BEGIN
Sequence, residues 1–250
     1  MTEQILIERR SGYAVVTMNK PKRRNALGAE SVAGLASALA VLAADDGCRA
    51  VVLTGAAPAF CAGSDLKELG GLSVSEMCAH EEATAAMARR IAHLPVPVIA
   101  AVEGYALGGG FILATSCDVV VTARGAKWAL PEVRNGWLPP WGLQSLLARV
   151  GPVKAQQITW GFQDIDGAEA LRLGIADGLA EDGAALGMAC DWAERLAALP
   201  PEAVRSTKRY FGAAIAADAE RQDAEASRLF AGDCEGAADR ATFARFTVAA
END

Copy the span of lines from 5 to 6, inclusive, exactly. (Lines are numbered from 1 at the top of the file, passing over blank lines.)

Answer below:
   151  GPVKAQQITW GFQDIDGAEA LRLGIADGLA EDGAALGMAC DWAERLAALP
   201  PEAVRSTKRY FGAAIAADAE RQDAEASRLF AGDCEGAADR ATFARFTVAA